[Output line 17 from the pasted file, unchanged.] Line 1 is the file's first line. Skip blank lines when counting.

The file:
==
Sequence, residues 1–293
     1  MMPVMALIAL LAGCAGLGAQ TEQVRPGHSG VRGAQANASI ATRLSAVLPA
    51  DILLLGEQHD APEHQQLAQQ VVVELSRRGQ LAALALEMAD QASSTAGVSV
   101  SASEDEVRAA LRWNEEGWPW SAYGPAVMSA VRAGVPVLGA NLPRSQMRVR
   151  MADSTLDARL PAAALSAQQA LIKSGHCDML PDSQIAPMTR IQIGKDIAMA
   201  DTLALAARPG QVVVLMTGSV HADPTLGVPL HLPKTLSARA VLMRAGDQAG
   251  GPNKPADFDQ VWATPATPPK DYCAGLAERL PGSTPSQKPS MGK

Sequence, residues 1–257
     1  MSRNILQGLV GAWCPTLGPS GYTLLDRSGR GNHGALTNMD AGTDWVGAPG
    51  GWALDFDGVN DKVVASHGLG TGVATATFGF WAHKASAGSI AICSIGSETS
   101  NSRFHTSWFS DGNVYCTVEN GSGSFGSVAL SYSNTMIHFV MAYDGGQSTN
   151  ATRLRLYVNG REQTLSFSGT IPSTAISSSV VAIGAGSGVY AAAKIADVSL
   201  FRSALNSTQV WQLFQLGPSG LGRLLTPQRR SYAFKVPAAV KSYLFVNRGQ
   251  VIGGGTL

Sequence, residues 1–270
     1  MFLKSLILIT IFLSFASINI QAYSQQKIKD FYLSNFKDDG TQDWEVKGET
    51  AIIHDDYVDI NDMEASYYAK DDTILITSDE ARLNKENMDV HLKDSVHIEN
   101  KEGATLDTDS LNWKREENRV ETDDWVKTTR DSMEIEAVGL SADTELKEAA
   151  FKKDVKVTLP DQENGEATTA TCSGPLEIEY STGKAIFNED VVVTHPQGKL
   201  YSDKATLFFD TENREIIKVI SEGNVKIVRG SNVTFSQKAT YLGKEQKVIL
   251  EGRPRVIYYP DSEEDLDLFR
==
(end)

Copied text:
    51  AIIHDDYVDI NDMEASYYAK DDTILITSDE ARLNKENMDV HLKDSVHIEN